Because high school is not one-size-fits-all

Originally posted: April 30, 2021

Flashing back six years to his first class of MITT High School students, teacher Rory McIntyre still remembers a young woman in the program who came to MITT after being bullied by classmates and (academically) written off by her previous school.

“Here, she earned marks in the 70s and 80s,” recalls McIntyre. “Because she was allowed to relax and focus on her work. I wish I would have had that when I was in school.”


Rory McIntyre has taught the academic component of MITT High School for the past six years. 


Traditional high school is not for every learner type and since 2015, MITT has been providing a meaningful alternate—one that offers students a small-setting academic experience combined with the opportunity to earn accredited technical or trades training to fast-track them into rewarding careers. Two birds, one stone if you will, with a catch: the technical training is tuition free.

“We get a few different student types, says McIntyre, who teaches the academic portion of his Grade 11 and 12s’ curriculum: Math, English, History, and Health/Physical Education. “Some are really interested in a trade and dead set on getting started toward that goal. Some students don’t like big class sizes, and we’re seeing an increasing number of students who were previously home-schooled.”

According to MITT High Principal, Chantal Simard, the pandemic has caused the number of home-schooled students in Manitoba to double from 4,000 to 8,000 in the past year.

“It’s becoming a real niche clientele for us,” says Simard, who is also Director of French Initiatives and has been instrumental in growing the college’s relationship with Manitoba’s lone francophone school division—Division scolaire franco-manitobaine (better known as DSFM). “Students are finding out about us either from our website, through word of mouth, or through the home school office at Manitoba Education.” 



Students spend half of each day in their technical program with a dedicated cohort of high school-aged learners in one of the following six options:

 Automotive Technology

Culinary Arts

Electrical Trades Technology



Welding Technology

 For the other half of the day, they join fellow MITT High School students from across technical programs, led by a dedicated instructor, for the following academic programming:

 English Language Arts 30S/40S

History of Canada (30F)

Mathematics 30S/40S

Physical/Health Education 30F/40F

Web-based courses from the Department of Education are available for students seeking additional credits.


MITT High School is a compromise as students forego the extracurricular activities associated with the traditional high school experience. The upshots include classes of between five and 10, tons of one-on-one learning and, for lack of a better description, the maturity and focus on success that comes from learning on a college campus.

“My students tend to be more mature,” says McIntyre. “They have a more focused understanding of, ‘You’re here for a purpose.’ They have a bit better perspective on what it means and what it leads to.”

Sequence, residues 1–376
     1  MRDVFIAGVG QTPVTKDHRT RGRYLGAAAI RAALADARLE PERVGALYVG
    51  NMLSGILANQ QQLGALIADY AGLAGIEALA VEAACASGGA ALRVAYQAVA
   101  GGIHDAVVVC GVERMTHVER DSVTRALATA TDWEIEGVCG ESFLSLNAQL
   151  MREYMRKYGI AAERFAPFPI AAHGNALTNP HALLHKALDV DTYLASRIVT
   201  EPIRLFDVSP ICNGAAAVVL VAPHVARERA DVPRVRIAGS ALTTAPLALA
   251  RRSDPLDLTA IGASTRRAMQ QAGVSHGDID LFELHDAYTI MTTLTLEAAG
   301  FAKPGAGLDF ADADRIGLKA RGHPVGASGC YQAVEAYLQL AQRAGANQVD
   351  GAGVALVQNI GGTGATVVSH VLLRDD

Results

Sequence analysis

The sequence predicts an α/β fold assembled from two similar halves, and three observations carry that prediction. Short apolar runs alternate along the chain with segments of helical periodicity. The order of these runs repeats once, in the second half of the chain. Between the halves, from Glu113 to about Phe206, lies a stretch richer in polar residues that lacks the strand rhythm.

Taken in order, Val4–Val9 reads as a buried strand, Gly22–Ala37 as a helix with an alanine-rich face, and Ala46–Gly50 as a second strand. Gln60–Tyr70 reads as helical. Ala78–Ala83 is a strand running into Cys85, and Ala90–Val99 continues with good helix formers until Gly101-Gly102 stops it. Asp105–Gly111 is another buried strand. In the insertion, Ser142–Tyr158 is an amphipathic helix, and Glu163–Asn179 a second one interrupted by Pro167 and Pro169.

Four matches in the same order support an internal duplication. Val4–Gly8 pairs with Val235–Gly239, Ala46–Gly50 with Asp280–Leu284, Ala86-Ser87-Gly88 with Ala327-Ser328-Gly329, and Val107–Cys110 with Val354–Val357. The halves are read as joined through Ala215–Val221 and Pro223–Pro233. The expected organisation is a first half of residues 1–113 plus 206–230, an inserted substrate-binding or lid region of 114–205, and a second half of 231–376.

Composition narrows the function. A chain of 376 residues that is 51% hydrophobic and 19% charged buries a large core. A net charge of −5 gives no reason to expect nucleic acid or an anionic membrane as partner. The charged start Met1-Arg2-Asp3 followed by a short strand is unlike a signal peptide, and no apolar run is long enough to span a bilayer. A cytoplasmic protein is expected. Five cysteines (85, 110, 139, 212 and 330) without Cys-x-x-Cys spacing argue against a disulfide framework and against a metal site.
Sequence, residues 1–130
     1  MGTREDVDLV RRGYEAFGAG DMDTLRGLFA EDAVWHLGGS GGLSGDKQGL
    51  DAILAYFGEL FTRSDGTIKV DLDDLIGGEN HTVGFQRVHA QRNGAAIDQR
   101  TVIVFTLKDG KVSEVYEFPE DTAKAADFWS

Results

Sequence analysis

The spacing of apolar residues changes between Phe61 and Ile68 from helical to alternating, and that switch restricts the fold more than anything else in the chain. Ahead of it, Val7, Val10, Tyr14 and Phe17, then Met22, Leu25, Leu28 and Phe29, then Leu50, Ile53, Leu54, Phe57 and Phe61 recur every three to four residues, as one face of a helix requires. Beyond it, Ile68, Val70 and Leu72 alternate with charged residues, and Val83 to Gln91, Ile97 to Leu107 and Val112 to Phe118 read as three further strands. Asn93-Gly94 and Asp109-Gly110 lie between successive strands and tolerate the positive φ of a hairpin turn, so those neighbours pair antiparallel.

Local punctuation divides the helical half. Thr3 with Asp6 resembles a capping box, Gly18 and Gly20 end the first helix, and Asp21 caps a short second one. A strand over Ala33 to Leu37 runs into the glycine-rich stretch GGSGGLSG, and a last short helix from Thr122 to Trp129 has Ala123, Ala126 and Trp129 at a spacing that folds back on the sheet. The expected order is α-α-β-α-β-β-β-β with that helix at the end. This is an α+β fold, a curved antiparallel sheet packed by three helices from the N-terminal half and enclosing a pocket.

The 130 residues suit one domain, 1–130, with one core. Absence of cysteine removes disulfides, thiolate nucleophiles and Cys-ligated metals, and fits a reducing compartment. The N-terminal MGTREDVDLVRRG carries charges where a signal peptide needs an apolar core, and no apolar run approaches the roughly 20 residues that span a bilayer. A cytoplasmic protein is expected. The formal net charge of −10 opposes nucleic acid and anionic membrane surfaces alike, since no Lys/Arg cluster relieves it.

This maturity and focus is fostered by the attention McIntyre can give each learner. 

“I get to know them pretty well and I can help them more effectively without having to divide my time,” says McIntyre. “I learn their learning styles faster and can develop better relationships.”

Grade 12 student Grahme Matthews and his brother, Abraham, who is in Grade 11, followed their sister’s footsteps into MITT High School—she graduated from its Hairstyling program in 2018. Each of them were looking for a high school experience that would prepare them for their careers.

Grahme, who is in his second year of CAD Technician, is using the hands-on learning and technical training as a foundation for mechanical engineering, which he plans to pursue at the University of Manitoba after graduation. He also says it will help him get a better job while he goes to school.

Abraham, who is in his first year of Culinary Arts at MITT, sees his future in the food services industry.

During a brief conversation with the brothers, they agreed there is merit in the split academic/technical approach at MITT, even if your career plans have not yet crystallized.

“Even if you’re not interested in working in the field [you study], it’s still a good experience to have once you do start your career” says Grahme. “You can’t really go wrong with going here.”


Grade 12 MITT High School student, Grahme Matthews, chose MITT's CAD Technician program as a step toward his longer-term academic goal: studying mechanical engineering at the University of Manitoba 


When asked if he feels like he has missed out not going to traditional high school, Abraham says he’s made some close friends so far in his program and he’s grateful for the career-oriented mindset it’s helping him develop.

“It’s a bit more professional here,” says Abraham. “Which is important when you’re working with dangerous things, like a knife. You can’t joke around.”


Though only in his first year at MITT, Grade 11 student Abraham Matthews says he appreciates the professional approach in his Culinary Arts program and how it's helping prepare him for a career in food services


MITT High School is currently accepting applications for its September intake. Learn more at

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